Federal agencies are refocusing their IT efforts in order to look at problems from an enterprise perspective rather than by individual bureau.

“When you’re looking at the bureau you have money kind of stuck and stovepiped in that level,” Melonie Parker-Hill, division chief of the enterprise operations center at the State Department, said at FCW’s IT Modernization Summit on Oct. 11.

Parker-Hill said the State Department started thinking about how to modernize and move to the cloud before policies like the Federal Information Technology Acquisition Reform Act (FITARA) and Data Center Optimization Initiative (DCOI) came out. The State Department’s focus now is to find cloud-enabled applications that can function on an enterprise level.

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“You have to have the support from the top down in order to make those changes,” Parker-Hill said.

Rod Turk, acting CIO of the Commerce Department, said that it’s difficult to function as an enterprise because some bureaus have “moved significantly” into the cloud and other bureaus, “not so much.”

“We’re preparing our agency for the tipping point,” Turk said.

Turk said that he expects to see a major shift in Federal IT in the next couple of years, from a workforce that mainly performs hands-on duties  to employees who act as project managers and contract managers.

“Frankly, project management is going to be one of our significant focuses,” Turk said.

This will require a shift in the Federal IT workforce that makes some employees nervous.

“My folks are not necessarily worried about losing their jobs,” Turk said. “They’re worried about me adding things to their jobs.”

Turk said that when he hires new employees, he looks for people who have skills in acquisition, finance, and communications.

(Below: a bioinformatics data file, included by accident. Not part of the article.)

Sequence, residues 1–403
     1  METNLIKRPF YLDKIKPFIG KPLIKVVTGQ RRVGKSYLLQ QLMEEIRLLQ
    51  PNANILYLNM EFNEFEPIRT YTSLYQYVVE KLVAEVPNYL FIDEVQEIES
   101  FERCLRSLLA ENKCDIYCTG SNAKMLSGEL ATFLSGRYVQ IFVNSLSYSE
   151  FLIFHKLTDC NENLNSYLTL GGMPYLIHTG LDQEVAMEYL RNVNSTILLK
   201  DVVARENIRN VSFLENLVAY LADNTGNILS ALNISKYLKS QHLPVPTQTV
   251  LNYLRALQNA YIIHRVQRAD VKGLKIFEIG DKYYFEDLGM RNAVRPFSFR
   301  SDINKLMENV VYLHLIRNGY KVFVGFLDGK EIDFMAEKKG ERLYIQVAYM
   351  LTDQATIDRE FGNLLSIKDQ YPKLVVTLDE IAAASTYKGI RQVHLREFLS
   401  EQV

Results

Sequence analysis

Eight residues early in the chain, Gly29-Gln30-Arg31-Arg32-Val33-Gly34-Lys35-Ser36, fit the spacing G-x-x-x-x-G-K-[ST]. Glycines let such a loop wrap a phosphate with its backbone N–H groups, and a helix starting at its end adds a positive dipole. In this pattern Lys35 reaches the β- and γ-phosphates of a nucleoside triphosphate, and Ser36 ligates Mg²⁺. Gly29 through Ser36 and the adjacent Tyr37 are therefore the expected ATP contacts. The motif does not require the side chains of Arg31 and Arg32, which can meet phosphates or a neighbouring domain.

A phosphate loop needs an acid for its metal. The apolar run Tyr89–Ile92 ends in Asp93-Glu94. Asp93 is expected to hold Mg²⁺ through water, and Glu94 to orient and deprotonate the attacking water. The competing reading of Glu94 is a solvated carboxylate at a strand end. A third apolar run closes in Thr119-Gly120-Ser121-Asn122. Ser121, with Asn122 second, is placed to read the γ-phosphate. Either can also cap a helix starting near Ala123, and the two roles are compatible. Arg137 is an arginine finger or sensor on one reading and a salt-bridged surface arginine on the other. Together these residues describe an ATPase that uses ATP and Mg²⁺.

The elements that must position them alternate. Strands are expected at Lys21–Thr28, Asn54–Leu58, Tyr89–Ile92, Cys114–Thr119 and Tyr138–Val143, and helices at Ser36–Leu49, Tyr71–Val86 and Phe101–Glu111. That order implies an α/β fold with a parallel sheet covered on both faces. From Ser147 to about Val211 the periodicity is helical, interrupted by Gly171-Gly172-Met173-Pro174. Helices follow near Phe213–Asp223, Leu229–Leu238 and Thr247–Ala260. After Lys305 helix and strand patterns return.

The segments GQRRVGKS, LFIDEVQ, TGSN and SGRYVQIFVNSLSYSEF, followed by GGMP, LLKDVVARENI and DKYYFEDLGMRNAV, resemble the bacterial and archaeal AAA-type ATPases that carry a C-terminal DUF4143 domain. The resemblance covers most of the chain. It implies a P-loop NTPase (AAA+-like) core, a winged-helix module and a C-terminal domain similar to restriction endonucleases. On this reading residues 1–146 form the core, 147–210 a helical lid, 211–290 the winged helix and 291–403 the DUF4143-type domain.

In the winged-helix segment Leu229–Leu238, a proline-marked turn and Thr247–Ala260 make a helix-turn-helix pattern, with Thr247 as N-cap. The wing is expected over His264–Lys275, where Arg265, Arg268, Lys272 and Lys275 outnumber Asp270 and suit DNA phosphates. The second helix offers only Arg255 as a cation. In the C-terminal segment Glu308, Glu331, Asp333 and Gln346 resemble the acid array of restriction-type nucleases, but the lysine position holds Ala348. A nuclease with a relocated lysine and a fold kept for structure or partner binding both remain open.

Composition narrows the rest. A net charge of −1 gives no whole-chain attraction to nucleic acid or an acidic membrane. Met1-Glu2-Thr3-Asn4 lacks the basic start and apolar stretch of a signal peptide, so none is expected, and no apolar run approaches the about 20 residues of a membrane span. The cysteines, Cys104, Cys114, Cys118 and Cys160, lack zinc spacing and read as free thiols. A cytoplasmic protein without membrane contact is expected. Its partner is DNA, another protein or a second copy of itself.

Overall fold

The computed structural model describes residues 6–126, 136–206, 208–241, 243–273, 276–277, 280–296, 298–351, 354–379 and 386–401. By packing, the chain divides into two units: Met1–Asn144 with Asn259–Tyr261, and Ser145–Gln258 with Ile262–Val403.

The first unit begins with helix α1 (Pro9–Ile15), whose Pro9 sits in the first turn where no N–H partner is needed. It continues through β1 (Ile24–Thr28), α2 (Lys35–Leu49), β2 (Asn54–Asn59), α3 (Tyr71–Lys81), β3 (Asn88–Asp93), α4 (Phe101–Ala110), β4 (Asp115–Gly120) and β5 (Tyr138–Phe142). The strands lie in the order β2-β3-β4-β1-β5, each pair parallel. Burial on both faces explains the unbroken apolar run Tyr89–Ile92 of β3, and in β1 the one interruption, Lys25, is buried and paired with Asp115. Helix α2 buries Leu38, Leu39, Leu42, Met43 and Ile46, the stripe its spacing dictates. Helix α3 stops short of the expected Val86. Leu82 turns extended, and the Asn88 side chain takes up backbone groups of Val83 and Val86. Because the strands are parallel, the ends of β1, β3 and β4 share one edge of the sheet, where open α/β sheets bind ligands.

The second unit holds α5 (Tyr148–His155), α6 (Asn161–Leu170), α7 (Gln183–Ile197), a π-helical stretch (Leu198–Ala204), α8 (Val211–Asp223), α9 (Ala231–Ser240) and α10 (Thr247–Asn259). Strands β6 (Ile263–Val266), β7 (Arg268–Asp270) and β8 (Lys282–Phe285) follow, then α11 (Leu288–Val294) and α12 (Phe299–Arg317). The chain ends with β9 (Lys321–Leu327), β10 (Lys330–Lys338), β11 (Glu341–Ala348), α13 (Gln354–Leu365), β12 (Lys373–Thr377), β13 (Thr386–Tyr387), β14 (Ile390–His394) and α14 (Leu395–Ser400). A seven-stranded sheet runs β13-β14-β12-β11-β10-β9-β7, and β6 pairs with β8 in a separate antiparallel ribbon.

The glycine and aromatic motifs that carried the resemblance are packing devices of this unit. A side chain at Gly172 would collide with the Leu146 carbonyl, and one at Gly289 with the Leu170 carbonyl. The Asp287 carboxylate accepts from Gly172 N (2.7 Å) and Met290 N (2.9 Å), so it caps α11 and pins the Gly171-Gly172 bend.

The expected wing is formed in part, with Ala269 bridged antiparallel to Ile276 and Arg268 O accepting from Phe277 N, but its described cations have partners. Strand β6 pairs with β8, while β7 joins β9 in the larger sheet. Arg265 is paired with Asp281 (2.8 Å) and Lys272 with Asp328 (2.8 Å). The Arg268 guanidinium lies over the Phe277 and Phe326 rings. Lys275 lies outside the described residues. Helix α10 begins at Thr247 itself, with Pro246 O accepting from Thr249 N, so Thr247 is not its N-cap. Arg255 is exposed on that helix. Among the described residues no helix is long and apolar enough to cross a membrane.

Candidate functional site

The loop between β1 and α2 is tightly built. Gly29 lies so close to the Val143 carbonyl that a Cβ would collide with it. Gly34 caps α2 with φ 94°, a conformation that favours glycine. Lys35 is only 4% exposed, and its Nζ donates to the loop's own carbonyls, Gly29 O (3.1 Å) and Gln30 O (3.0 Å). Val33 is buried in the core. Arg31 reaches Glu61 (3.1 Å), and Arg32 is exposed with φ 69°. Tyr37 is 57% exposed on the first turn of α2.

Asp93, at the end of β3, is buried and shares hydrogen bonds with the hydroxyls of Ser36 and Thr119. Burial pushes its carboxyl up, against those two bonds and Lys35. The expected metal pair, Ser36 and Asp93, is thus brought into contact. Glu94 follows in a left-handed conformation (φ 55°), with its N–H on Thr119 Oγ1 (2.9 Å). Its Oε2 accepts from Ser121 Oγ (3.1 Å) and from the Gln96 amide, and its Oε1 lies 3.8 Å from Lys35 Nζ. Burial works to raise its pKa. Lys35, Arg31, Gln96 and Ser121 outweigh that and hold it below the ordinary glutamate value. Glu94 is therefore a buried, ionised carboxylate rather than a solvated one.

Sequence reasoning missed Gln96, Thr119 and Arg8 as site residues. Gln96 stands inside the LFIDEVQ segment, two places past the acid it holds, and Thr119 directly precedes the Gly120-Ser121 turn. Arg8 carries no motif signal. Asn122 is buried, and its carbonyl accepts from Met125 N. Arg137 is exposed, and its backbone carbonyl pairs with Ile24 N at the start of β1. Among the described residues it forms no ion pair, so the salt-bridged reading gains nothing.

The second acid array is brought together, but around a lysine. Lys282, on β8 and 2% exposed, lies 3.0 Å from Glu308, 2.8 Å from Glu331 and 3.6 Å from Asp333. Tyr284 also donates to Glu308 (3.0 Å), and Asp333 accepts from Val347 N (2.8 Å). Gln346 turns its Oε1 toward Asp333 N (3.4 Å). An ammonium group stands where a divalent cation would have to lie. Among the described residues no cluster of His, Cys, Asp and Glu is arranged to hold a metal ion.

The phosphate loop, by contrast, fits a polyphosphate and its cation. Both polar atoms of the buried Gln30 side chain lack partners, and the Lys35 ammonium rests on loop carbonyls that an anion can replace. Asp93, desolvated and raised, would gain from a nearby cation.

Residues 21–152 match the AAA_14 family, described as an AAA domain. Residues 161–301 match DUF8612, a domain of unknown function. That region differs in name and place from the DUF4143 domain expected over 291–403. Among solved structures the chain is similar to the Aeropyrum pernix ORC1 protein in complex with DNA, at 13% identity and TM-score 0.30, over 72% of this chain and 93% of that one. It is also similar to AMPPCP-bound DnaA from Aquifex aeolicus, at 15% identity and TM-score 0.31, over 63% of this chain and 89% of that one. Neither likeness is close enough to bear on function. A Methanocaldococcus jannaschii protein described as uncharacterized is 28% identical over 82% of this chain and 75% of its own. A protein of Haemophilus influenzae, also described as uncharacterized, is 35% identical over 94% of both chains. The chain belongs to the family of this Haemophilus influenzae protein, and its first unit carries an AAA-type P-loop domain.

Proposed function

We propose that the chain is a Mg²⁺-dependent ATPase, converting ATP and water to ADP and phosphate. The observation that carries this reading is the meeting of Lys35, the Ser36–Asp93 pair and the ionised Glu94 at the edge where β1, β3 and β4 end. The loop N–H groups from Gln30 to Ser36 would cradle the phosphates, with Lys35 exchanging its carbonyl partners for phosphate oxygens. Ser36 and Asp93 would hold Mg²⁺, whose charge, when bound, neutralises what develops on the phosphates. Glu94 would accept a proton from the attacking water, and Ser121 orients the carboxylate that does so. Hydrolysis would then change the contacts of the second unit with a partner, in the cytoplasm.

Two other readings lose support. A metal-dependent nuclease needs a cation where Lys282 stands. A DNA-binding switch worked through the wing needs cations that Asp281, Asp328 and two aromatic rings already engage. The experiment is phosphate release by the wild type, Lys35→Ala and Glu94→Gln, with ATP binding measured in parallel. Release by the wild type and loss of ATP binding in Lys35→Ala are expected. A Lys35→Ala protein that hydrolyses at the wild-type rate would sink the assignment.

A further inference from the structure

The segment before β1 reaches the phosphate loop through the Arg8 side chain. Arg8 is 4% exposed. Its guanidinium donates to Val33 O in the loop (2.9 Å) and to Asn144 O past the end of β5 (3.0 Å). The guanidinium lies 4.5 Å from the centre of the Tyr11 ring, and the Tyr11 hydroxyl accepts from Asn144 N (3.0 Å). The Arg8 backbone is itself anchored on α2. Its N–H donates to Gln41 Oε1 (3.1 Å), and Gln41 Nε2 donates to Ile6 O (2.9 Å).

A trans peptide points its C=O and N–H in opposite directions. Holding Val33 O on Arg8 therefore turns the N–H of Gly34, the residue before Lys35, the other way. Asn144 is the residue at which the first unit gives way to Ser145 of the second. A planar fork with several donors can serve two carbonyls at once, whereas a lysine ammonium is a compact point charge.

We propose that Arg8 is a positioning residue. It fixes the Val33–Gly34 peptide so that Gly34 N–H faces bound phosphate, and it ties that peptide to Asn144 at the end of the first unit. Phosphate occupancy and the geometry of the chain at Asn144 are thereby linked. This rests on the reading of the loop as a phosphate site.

“We have to approach this from an evolutionary perspective,” said AJ Bognar, chief of Army Data Center Consolidation and Cloud Transformation. “It’s not going to happen overnight.”

Janice Glover-Jones, CIO of the Defense Intelligence Agency, said that it’s important to incorporate automation, machine learning, and big data into the Federal landscape.

“The jobs that we perform today may not exist for humans in the future,” Glover-Jones said.

Frontis Wiggins, CIO of the State Department, said that one solution that he has tried in order to mitigate the workforce shortage is hiring interns from the Washington Center Civic Digital Fellows. The interns were hired in April and received clearances within three weeks. By August, the interns had eight cloud-based application up and running.

Wiggins said that 43 percent of the State Department’s civil service IT employees are ready to retire. This has caused him to think about how to reach out to the younger generation of workers to onboard more talent, but he realized that digital natives’ perspectives on IT are different from baby boomers. Wiggins’ son does all of his schoolwork on Google Drive.

“If I talk to him about turning in a paper copy of something, he looks at me like I’m speaking Aramaic,” Wiggins said.

Parker-Hill said that Federal employees need to continue retraining themselves on new capabilities, because although the State Department uses both data centers and cloud applications today, the environment is always changing.

“Is hybrid here to stay as far as the cloud? We don’t know,” Parker-Hill said. “We never stop learning and we have to rebrand ourselves.”

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Morgan Lynch
Morgan Lynch
Morgan Lynch is a Staff Reporter for MeriTalk covering Federal IT and K-12 Education.